Missouri lawmakers and the state’s business community agree — employees who are fired for stealing or doing drugs on the job shouldn’t be rewarded for these activities. Now, we will see if Gov. Jay Nixon agrees as well.
On April 29, the Missouri House of Representatives approved Senate Bill 510 by a 107-45 bipartisan vote. The bill now goes to the governor’s desk. The proposal would change Missouri’s standards that dictate which employees are allowed to receive unemployment benefits upon termination. Currently, Missouri’s unemployment benefits laws are far too inclusive, effectively rewarding some employees who willfully break workplace rules. Senate Bill 510 is sponsored by Sen. Will Kraus, R-Lee’s Summit.
“Missouri businesses are fortunate to have an outstanding workforce. Unfortunately, current state law is allowing a few bad apples to take advantage of the unemployment compensation system,” said Daniel P. Mehan, Missouri Chamber president and CEO.
The next day, on April 30, the Missouri House gave final approval to Senate Bill 673, legislation that would tie the number of weeks jobless Missourians can receive unemployment benefits to the unemployment insurance rate.
Under Senate Bill 673, unemployed Missourians would be eligible for:
- 20 weeks of benefits if the Missouri average unemployment rate is nine percent or higher
- 19 weeks of benefits if the Missouri average unemployment rate is between 8.5 percent and 9 percent;
- 18 weeks of benefits if the Missouri average unemployment rate is 8 percent up to and including 8.5 percent;
- 17 weeks if the Missouri average unemployment rate is between 7 .5 percent and 8 percent;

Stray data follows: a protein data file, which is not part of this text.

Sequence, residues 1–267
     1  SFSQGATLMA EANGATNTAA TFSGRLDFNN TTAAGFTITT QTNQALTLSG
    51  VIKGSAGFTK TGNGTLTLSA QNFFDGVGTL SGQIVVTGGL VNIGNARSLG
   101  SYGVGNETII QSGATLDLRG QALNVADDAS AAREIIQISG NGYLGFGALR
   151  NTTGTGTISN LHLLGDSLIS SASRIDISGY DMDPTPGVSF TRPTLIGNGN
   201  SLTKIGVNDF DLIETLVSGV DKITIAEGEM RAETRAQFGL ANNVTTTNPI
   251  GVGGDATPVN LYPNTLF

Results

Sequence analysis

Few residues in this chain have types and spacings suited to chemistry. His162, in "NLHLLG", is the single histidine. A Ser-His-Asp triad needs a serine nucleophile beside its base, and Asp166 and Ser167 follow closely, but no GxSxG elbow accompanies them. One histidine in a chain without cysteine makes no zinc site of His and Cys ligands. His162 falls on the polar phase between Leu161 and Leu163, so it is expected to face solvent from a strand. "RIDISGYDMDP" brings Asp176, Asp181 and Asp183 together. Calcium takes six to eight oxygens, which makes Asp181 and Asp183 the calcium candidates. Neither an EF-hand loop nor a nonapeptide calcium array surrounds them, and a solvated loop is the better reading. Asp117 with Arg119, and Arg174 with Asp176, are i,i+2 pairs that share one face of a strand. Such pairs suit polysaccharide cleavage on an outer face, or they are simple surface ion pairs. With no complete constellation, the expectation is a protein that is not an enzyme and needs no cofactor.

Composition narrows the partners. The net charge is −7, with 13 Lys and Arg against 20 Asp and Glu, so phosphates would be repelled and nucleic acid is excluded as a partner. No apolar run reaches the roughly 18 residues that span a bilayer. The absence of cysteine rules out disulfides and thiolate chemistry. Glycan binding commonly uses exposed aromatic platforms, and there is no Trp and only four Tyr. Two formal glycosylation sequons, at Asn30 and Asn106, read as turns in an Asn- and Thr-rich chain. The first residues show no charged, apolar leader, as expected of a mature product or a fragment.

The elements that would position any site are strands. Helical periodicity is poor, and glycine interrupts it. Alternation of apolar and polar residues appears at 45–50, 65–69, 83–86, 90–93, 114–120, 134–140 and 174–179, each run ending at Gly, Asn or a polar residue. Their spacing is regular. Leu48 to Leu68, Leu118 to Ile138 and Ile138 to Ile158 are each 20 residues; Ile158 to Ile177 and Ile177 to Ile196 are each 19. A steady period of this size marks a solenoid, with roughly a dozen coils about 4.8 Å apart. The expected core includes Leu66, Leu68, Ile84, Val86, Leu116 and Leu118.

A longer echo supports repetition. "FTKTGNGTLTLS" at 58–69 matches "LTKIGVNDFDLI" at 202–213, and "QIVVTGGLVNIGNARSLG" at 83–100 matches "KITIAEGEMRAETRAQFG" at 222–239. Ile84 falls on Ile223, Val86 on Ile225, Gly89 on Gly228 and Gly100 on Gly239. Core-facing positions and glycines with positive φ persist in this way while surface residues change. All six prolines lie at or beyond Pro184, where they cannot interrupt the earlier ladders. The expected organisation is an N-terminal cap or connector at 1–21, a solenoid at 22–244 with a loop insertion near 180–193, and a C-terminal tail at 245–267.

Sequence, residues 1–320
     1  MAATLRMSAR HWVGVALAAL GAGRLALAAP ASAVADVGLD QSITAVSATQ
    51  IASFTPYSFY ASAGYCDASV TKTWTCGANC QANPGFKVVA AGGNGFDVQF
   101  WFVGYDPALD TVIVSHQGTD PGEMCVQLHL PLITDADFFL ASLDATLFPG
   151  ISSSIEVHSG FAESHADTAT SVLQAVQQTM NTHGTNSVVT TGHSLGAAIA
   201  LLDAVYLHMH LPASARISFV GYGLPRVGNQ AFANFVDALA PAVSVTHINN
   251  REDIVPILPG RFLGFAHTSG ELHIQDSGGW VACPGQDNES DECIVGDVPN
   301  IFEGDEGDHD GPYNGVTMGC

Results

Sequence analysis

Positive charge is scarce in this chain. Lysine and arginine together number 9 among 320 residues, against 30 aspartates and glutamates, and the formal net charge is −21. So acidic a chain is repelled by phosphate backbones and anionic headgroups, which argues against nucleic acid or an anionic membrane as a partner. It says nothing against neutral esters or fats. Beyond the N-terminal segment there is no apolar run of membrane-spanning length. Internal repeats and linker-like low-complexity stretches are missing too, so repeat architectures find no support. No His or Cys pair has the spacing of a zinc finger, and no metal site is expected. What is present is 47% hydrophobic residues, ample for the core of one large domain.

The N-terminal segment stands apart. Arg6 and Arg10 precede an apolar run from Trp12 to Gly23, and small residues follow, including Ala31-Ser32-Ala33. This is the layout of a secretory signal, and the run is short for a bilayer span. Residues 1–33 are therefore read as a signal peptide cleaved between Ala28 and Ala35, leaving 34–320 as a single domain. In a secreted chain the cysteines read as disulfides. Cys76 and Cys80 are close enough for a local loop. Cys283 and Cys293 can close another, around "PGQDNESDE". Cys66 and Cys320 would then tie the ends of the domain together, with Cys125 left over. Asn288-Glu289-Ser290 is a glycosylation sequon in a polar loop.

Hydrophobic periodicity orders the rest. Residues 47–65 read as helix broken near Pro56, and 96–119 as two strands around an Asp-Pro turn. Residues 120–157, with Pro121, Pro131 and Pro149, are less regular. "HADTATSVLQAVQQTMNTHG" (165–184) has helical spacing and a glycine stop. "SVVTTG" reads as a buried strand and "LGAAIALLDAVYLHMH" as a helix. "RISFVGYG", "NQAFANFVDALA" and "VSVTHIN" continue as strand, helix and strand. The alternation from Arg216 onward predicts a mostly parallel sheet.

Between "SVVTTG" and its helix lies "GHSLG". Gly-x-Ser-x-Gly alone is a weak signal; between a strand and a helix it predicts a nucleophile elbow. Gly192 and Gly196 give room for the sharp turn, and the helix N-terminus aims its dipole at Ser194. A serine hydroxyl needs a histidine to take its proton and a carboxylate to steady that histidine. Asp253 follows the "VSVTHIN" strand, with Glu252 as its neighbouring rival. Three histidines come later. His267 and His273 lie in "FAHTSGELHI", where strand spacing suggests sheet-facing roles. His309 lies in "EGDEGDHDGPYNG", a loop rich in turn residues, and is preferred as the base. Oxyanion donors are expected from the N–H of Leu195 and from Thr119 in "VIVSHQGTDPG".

- 16 weeks of benefits if the Missouri average unemployment rate is 7 percent up to and including 7.5 percent;
- 15 weeks of benefits if the Missouri average unemployment rate is between 6.5 percent and 7 percent;
- 14 weeks of benefits if the Missouri average unemployment rate is 6 percent up to and including 6.5 percent; and
- 13 weeks of unemployment benefits if the Missouri average unemployment rate is below 6 percent.
“Prior to the recession, the average number of benefit weeks was 15 weeks,” said Mehan, “So this legislation is not a radical departure from protections that are available to the average out-of-work Missourian.”
Both pieces of legislation are aimed at helping Missouri’s unemployment system become solvent. Following the recession, Missouri’s unemployment insurance had to borrow money from the federal government to cover claims. Missouri has borrowed more than $1 billion since then to continue paying unemployment benefits.
Missouri is one of 13 states that remain indebted to the federal government. Missouri currently owes $270 million. In addition to penalties, interest on the debt grows at a rate of approximately $12 million a year.
“Employers have paid millions of dollars in interest and penalties alone on this debt,” Missouri Chamber President and CEO Dan Mehan said. “We owe it to our employers to establish systemic reforms that will better protect the fund so that we don’t have this problem arise the next time the economy dips. Now, we call on the governor to join our consensus and sign these bills.”